Health Check Wales - Why?
There is no doubt the NHS in Wales is under the spotlight.
It is under intense pressure, with financial constraints continuing to be acute and many key targets missed throughout the year.
Demand continues to rise and there are shortages of staff in certain areas.
In addition, its performance has been under intense scrutiny, with a fierce political row raging between the Welsh government and the UK government at Westminster.
During our series of Health Check Wales this week, BBC Wales news will be asking for your views and experiences of the health service.
In a specially commissioned poll we will ask if you think the NHS in Wales is worse than in England?
Does it get enough money? And if not where should that money come from? Should we limit what the NHS is or would we be willing to pay for some services?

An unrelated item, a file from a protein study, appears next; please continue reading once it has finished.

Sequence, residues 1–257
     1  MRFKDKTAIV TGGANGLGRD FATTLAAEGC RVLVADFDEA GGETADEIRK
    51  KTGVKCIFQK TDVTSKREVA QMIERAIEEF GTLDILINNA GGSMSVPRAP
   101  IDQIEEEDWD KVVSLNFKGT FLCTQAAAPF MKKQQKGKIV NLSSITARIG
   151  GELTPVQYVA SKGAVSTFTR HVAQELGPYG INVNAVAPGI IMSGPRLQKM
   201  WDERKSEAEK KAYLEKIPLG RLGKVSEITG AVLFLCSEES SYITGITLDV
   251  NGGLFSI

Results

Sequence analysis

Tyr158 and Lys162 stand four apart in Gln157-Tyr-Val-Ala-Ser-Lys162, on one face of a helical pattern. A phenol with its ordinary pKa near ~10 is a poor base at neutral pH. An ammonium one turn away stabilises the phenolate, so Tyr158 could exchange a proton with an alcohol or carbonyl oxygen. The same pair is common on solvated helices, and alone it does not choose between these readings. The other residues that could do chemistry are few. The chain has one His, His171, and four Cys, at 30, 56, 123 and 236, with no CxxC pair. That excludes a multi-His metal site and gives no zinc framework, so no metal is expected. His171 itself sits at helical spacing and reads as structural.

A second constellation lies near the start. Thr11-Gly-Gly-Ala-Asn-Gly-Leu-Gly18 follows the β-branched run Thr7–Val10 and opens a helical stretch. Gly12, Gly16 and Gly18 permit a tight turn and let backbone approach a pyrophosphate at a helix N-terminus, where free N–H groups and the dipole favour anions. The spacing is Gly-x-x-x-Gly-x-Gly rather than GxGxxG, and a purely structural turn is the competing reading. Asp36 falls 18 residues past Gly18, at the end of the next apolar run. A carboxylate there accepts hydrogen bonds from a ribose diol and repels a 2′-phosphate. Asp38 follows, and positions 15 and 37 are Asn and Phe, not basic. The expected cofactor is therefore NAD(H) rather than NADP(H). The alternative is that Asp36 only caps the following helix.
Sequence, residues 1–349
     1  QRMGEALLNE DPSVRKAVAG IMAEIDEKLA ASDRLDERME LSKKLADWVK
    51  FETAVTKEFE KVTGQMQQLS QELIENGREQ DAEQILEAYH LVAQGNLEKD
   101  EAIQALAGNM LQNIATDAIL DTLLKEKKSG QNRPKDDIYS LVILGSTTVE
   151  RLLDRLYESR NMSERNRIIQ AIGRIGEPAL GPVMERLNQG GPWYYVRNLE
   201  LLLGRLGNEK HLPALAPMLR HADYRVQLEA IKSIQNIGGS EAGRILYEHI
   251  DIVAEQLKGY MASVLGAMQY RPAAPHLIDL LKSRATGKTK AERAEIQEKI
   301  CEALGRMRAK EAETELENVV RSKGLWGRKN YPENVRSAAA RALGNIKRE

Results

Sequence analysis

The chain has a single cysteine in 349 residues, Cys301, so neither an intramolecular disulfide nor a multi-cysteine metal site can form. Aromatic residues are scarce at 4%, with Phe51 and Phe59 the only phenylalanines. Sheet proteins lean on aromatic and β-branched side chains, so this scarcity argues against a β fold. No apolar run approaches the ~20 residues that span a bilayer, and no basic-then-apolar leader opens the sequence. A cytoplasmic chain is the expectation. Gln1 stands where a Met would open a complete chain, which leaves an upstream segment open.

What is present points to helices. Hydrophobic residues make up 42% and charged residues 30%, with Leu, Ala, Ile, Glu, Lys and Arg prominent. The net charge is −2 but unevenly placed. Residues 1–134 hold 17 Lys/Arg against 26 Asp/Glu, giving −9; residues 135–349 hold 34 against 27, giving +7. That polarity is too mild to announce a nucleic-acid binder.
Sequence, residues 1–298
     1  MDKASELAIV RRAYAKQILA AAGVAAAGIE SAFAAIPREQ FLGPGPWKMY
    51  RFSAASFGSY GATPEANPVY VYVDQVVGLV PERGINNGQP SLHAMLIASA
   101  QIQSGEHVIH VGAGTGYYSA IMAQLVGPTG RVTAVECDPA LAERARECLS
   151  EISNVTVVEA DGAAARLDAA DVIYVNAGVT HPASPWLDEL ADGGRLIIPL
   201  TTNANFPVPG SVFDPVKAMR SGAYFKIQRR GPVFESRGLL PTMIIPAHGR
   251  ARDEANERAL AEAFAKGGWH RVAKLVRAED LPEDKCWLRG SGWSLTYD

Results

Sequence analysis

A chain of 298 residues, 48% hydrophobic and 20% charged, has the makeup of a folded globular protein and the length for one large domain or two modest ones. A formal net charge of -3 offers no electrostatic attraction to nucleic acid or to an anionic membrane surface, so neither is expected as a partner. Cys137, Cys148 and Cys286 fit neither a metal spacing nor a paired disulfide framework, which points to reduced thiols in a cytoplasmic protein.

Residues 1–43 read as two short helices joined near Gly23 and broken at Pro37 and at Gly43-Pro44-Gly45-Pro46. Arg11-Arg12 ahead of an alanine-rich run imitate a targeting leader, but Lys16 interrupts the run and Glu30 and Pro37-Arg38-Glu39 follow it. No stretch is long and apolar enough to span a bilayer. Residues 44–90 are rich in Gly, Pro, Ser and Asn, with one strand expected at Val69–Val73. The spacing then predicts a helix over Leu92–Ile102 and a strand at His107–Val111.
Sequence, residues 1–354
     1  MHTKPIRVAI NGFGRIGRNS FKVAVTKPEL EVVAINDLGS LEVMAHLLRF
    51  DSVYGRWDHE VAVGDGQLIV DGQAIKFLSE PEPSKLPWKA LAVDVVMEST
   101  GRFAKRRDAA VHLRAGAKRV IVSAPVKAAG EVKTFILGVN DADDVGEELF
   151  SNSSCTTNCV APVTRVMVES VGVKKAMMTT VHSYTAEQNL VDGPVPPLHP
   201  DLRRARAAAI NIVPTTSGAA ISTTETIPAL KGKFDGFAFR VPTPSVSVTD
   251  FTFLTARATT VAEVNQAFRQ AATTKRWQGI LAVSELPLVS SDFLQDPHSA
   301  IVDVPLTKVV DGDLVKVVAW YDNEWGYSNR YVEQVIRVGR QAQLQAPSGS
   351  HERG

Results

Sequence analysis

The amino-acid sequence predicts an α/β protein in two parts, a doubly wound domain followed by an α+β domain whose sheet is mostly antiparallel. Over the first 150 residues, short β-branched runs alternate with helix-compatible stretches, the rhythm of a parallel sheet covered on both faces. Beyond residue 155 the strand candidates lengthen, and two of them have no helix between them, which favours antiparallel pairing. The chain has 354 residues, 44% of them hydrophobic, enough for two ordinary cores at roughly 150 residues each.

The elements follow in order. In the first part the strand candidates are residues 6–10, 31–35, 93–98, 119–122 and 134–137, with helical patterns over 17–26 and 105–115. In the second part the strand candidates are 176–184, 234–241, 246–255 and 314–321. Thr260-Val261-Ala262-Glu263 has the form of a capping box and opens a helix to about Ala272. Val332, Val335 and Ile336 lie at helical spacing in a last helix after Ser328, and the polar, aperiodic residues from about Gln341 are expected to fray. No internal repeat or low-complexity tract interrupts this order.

With the political war of words between the Welsh and UK governments set to intensify as the general election approaches, we will also try to cut through the noise and rhetoric.
24 hours in A&E
And in a first for BBC Wales and the Welsh NHS, we will be spending 24 hours with the staff at Wales' busiest emergency unit at the University Hospital of Wales in Cardiff.
We will also look at how the department fits in with the wider work of the hospital, how patients flow through the system and how community teams try to ease the pressure on hospitals.
Adding to this we will take a look at another service that has been under intense scrutiny in recent years - the ambulance service.
And can the NHS in Wales do more to train and attract doctors, nurses and other healthcare workers?
We will look at the work being done at cutting edge medical research here in Wales and asking whether or not private companies could or should play a bigger role in the work.
Finally, we will explore beyond the health service, looking at the factors such as wealth, jobs and skills which arguably have much more of an influence than the NHS in determining the health of the nation.